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august 2017

On Agenda-Setting


by Hans Durrer

Donald Trump (I will from now on refer to him as "this man" for he embodies a larger phenomenon) has revolutionised the media world, said one of his personal lawyers a few weeks ago on MSNBC, and added: He is reaching over a hundred million with his tweets.

Whether these tweets are met with approval, disapproval or with ridicule, the lawyer did not say. Well, how could he possibly know? Moreover: Is that important? And if so, for whom?

What matters for this man are ratings, his ultimate goal is attention. But not only this man is like that, many are like that in the modern world of reality shows. And, although it all seems unprecedented and totally new, it is not — it has however never been more obvious.

  This man, for whom everything is personal, is into self-promotion, and he is doing an excellent job. He has become the best known man on the planet and is clearly setting the agenda. He does it by being himself. Most recently, Anthony Scaramucci, fired after only ten days as White House Director of Communications for shining brighter than his boss, stated as his goal to help this man to even more be himself.
  I've never thought being authentic a convincing idea (and most definitely not for a statesman) and this man is clearly the best argument against it. There are however advantages to this therapy-ideology for we now all get to see what extraordinarily ignorant people with manners that defy description are supposed to govern us. Yet "the real problem" is not this man — we are the problem for we allow this man to dominate our agendas. In fact, we behave like he does: Giving in to impulses, behaving like addicts, following almost every stupid tweet of his.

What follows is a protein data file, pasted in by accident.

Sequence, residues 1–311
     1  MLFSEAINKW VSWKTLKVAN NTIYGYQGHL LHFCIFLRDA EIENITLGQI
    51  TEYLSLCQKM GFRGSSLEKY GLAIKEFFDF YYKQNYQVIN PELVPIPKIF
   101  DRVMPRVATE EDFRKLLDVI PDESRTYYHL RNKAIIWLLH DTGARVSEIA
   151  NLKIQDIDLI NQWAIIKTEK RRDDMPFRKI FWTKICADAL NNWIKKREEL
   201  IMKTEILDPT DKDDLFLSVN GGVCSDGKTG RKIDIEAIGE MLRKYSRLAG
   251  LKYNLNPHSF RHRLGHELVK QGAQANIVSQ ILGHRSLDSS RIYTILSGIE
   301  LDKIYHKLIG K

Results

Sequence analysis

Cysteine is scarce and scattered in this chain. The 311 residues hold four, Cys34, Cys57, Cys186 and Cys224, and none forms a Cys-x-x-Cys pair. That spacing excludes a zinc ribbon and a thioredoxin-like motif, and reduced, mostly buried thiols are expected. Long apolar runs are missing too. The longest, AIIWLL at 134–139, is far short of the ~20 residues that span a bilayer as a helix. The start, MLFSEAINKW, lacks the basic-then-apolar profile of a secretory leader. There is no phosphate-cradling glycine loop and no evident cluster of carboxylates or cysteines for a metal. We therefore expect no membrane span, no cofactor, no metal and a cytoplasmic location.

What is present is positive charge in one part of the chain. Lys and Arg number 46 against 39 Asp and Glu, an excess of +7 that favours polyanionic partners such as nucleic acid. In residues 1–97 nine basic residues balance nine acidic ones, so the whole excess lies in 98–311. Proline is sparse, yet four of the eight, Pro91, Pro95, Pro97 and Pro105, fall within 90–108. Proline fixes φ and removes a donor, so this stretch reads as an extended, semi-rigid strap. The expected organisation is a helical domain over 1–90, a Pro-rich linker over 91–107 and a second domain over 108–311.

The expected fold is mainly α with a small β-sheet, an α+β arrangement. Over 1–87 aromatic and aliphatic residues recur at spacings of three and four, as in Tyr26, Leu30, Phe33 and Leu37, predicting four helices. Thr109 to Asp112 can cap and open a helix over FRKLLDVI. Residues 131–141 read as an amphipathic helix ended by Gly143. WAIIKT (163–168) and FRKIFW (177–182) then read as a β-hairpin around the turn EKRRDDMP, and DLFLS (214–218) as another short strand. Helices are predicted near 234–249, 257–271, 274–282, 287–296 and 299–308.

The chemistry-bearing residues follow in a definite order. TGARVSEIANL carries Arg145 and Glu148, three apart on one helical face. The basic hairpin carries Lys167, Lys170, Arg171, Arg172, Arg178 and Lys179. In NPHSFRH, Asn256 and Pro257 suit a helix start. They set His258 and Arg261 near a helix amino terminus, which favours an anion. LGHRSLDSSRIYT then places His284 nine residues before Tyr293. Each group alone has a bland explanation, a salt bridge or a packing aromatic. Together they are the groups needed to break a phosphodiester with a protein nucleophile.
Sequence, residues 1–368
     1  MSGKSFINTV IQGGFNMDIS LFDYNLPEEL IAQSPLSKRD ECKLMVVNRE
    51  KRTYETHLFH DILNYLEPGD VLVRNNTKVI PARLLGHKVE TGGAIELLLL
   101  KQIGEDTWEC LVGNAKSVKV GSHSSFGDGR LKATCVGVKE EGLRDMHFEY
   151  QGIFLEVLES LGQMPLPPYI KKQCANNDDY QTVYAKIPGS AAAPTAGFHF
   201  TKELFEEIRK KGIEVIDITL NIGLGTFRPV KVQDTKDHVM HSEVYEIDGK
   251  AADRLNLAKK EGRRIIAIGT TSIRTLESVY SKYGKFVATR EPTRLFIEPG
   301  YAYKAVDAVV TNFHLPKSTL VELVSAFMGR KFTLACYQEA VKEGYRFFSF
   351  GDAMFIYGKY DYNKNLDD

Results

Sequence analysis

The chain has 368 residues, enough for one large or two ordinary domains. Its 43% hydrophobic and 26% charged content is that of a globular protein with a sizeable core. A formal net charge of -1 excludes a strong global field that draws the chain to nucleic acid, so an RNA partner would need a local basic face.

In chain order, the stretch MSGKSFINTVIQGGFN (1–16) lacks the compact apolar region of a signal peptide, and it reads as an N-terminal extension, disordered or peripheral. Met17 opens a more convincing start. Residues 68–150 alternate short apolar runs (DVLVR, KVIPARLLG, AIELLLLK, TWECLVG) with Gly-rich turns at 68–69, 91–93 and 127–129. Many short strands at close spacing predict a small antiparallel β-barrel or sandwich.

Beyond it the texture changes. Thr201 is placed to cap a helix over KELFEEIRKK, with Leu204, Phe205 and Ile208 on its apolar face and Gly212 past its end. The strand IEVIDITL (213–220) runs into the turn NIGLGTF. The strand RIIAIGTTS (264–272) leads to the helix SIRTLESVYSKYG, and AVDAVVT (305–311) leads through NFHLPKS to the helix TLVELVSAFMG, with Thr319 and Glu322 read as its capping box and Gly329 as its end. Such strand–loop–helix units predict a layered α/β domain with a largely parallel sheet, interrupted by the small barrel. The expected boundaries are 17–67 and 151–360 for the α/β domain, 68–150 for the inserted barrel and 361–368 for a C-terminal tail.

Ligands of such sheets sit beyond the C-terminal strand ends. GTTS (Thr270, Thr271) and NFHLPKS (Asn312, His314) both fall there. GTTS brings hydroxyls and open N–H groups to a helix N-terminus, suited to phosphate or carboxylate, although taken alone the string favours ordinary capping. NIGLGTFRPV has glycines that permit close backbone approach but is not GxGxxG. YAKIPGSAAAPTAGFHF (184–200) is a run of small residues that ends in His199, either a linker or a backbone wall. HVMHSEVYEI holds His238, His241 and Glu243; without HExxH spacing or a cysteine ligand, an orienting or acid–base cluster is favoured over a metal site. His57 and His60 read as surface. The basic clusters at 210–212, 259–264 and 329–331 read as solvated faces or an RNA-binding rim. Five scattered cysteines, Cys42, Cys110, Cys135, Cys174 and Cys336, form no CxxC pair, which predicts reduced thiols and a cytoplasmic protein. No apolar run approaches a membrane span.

Next And, the mass media make it worse, much worse, for they follow literally all of this man's tweets, look for thought, motive and strategy — and since they do not find any such thing they read it into him. They do this because they profit — their print run went up —, but they also do it, very much like him, because they can.
  CNN, I've heard the other day on BBC, devoted on a certain day 92 percent of its coverage to this man and most mass media representatives argue that not to report on "the most powerful man in the world" is simply not an option for he needs to be held accountable. And so they continue to follow his every move and tweet — and make us forget about the rest of the world. In other words: They show themselves as ignorant of the world as this man is.
  This man, as we all know by now, is not interested in politics, he is only interested in himself. He's got no political agenda, his only agenda is being in the news and being talked about. He's a typical product of our pretty sick times although his attention seeking might be extraordinarily crass and extreme. Differently put: This man, or rather, what he represents, is the rule (Me Me Me and More More More) and not the exception. He is the outward manifestation of the worst in us.
Next So what is there to do?
  Ignore this man and his entourage. Don't let him dominate our time and eat up our energy. Instead, if you're a member of the press, solely report on the consequences of this man's actions. Do what journalists are supposed to do: Go out into the world and tell us what you've heard, seen and found.
  Would anyone be interested in hearing about this? No idea, really. But it surely would be worth a try.
  2017 © Hans Durrer / Soundscapes